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What You Should Plan to Spend

Putting a price tag on your new friend.

Congratulations on thinking about adopting a dog.  Having a dog as part of the family can be rewarding.  But, have you made sure you are ready for the financial commitment that comes with your new friend.  I know, it is hard to think about the costs of raising a new puppy because it is healthy and young, right?  Besides, you don’t think about the costs of other friends before you build friendships, right?  While that is true, you must keep in mind that your dog is dependent on you for everything.  It may be nice to think Rufus will go out and get a job to help pay the bills, but it won’t be the case, no matter how cute he may be.  So, whether you get a purebred dog or one from a shelter, please consider the following one-time and annual costs as you weigh the decision to get a dog.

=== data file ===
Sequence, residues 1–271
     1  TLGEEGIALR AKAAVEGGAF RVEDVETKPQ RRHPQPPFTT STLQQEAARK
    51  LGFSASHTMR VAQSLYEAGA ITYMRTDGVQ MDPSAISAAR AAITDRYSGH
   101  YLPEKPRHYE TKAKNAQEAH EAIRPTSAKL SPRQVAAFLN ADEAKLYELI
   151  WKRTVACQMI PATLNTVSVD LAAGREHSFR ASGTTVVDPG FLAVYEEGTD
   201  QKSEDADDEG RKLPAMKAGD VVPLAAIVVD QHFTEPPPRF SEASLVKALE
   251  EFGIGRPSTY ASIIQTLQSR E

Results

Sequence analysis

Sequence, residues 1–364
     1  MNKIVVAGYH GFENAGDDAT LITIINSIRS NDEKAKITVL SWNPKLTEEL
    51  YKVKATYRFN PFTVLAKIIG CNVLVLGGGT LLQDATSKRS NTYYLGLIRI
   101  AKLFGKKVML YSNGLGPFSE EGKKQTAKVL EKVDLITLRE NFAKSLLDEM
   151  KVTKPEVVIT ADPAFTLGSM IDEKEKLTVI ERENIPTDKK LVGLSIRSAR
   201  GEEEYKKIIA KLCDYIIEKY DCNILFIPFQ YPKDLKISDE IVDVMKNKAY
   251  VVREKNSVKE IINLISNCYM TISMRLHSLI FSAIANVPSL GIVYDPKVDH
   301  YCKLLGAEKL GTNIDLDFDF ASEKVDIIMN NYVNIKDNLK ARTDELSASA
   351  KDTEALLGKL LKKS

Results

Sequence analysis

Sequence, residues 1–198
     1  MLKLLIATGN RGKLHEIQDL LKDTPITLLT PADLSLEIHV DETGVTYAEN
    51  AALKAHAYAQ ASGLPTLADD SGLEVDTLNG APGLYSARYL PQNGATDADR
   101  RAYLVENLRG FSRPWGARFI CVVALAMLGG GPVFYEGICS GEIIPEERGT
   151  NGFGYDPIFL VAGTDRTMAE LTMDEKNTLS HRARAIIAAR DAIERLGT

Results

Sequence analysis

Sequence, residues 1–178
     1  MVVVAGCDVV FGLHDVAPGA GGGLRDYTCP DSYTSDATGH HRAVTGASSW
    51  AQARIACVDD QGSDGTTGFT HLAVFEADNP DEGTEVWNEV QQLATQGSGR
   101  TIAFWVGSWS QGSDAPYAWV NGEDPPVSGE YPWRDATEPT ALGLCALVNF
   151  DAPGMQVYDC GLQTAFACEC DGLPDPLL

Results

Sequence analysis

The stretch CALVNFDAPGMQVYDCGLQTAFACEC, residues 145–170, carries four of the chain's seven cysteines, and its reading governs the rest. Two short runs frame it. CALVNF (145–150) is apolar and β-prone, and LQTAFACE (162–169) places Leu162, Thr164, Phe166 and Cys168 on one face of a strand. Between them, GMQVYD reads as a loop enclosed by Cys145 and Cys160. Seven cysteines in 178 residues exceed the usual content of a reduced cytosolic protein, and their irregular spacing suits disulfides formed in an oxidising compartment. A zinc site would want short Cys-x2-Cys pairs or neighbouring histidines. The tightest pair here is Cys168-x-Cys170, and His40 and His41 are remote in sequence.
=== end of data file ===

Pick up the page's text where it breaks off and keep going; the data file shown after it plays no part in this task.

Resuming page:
Adopting a Dog ($0 to $1,500)
At times, there are puppies up for adoption through news paper or Craig’s list ads or you may know someone who is giving away puppies and may offer you one for free.  Even if you don’t pay for the dog, you will incur costs associated with the round of shots and spaying/neutering, which are necessary for all puppies.

If you don’t get a dog through a friend or ad, you may get one from a breeder or a shelter.  Breeders sell purebred dogs, which will likely come with papers certifying their pedigree.  The cost to purchase a purebred dog ranges from $300 to $1,500 depending on the breed.  Adopting a dog from a shelter can cost from $200 to $400 (or more) depending on the age of the dog.  Often people wonder why there is a high cost adopting dogs from shelters.  This is because shelter dogs come with   their shots and have been spayed/neutered before being placed for adoption and the cost covers this care.  Additionally, the shelters house and care for the dogs before they are adopted out and the fees cover this as well.

Supplies ($150 to $300)